The kind of information relationship you're describing is normally handled with a Relate in ArcGIS. If your three tables are set up with a correct relate, you can click on a line and it will then show all matching records from the other two tables. But this is more a display/access of information rather than a use/analyze. In order to solve the specific problem you're addressing, I can think of one (untested) solution right off. Unfortunately it's manual, brute force in a way, and probably not very efficient.
First, you would need to run Make Query Table on your clean and inspect tables with the line ID as the key field. This addresses the many-to-many issue by creating a table record for all possible combinations of the two table's records. Obviously this generates a huge number of records - if a line has six cleans and four inspects, you get 24 records.
Once you have that table, you could do an attribute select with SQL to determine the target combinations - ie all records where clean.date and inspect.date are within 30 days of each other. I don't know the exact syntax off the top of my head, but it would be something like absolute value of datediff(d,clean.date,inspect.date) < 30. This could/would still produce multiple records for the same line - say if it was inspected 17 days before and 23 days after being cleaned. So from that selection, either by exporting to a new table or using another select from the selection, you'd then want to grab just the unique occurences of line ID.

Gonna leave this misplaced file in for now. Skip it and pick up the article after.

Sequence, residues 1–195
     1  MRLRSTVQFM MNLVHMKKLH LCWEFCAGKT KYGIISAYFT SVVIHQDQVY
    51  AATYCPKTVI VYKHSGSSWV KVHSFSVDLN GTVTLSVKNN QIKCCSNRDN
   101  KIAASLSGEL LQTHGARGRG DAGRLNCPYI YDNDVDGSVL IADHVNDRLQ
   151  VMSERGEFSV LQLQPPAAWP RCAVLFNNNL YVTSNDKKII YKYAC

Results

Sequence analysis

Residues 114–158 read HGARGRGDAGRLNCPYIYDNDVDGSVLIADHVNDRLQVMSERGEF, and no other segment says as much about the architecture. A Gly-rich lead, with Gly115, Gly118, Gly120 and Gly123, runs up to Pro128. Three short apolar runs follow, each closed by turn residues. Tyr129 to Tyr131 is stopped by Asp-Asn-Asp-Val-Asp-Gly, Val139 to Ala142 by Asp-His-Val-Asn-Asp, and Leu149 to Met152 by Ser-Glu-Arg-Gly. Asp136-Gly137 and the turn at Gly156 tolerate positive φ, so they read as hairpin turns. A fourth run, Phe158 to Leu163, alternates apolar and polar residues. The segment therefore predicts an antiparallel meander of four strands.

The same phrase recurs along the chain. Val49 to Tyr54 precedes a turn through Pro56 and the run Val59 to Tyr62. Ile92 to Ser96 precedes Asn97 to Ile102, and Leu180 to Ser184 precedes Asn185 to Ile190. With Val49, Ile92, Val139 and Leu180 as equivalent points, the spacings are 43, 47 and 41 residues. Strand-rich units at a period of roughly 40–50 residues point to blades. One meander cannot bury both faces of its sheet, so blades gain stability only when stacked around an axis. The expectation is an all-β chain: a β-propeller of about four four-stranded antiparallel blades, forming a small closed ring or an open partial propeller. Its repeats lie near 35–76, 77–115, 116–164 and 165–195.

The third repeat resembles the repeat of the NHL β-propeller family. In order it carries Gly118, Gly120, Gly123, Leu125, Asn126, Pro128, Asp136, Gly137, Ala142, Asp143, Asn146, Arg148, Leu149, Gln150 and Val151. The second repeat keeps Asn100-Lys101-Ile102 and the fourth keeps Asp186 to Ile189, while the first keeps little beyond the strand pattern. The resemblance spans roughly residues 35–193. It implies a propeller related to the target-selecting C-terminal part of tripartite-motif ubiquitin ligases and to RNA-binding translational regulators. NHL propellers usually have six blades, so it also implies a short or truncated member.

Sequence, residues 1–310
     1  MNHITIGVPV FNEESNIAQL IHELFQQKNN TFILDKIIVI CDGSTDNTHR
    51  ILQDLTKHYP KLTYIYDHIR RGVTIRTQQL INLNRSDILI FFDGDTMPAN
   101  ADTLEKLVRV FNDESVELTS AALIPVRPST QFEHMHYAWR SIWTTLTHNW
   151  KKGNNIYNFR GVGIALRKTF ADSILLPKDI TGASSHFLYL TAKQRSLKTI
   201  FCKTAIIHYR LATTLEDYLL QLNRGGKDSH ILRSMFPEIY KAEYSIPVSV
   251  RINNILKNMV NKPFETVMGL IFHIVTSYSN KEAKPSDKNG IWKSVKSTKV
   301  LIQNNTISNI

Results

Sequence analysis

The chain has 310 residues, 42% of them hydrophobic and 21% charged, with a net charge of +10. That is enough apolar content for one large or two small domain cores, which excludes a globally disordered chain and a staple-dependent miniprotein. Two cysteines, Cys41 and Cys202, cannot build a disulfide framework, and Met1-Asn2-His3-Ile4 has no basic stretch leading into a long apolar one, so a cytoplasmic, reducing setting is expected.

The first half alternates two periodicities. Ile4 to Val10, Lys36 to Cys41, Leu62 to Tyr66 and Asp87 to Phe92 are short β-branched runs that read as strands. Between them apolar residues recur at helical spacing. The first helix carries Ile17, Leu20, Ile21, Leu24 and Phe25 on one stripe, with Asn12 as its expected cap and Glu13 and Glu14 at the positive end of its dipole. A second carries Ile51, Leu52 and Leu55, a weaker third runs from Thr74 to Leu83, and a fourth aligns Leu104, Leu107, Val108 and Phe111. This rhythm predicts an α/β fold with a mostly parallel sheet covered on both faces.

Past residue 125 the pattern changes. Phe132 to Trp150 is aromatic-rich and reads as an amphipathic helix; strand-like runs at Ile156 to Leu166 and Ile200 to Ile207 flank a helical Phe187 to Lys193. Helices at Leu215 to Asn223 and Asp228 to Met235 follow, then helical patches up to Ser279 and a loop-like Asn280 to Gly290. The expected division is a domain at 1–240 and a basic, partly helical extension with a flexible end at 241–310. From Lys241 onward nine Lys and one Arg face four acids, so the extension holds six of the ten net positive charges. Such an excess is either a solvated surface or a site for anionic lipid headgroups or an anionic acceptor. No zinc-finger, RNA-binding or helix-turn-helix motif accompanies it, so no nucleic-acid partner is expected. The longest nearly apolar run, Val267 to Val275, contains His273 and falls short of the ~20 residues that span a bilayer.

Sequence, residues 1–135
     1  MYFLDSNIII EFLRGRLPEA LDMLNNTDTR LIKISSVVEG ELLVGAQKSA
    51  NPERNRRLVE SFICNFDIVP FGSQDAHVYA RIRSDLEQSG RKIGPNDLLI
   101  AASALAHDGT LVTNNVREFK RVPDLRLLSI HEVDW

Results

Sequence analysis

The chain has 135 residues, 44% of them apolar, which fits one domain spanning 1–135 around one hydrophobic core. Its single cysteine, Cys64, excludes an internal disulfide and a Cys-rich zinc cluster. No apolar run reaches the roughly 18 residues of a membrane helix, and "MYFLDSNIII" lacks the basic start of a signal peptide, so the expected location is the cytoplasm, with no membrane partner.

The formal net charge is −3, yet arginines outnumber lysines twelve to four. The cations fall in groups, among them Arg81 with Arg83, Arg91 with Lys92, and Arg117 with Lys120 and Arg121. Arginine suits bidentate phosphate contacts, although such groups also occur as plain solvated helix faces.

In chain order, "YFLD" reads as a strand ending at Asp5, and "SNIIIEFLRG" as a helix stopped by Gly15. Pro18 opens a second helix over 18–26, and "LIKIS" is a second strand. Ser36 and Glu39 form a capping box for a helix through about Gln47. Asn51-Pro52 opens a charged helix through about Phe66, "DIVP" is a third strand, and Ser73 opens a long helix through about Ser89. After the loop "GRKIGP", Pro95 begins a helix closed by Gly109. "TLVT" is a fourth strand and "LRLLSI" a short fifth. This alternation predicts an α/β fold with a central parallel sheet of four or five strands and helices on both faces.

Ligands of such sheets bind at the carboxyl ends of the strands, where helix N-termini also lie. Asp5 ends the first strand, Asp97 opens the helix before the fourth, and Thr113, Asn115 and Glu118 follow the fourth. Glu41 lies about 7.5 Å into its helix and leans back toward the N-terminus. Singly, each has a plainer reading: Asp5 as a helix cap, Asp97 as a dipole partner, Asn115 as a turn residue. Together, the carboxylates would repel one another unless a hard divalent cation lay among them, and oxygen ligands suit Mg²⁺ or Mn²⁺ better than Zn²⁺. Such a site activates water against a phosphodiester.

Once you have that selection, you can again export it to a new table (pass) or if you really wanted to combine it all into a massive single SQL statement used to select records from your line table. Since that involves nested queries, everything has to be in a geodatabase for it to have a chance of working though. At any rate, you'd have your list of line IDs that have been cleaned and inspected within 30 days of each other, and you can then either get that as an attribute in the line table or use it to extract the needed lines to symbolize however you want. The whole process could be modified to also target lines cleaned but not inspected, inspected but not cleaned, or neither inspected or cleaned, so you could create a full map showing all four possible conditions.
This is the foundation I'd start with. It would probably have to be refined to a workable process and then turned into a script or model to be run on any kind of regular or repetative basis. Someone else may know of a more elegant solution and if it's in an SDE you may have other options as mapBaker alludes to.